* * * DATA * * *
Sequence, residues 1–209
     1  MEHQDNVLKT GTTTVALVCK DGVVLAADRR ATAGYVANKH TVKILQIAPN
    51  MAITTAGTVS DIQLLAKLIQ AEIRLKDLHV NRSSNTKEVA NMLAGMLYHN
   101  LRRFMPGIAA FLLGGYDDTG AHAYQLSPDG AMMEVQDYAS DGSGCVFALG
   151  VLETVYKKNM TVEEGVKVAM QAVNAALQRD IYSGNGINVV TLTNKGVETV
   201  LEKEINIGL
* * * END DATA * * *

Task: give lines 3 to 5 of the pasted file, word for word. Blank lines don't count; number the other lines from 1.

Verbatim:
    51  MAITTAGTVS DIQLLAKLIQ AEIRLKDLHV NRSSNTKEVA NMLAGMLYHN
   101  LRRFMPGIAA FLLGGYDDTG AHAYQLSPDG AMMEVQDYAS DGSGCVFALG
   151  VLETVYKKNM TVEEGVKVAM QAVNAALQRD IYSGNGINVV TLTNKGVETV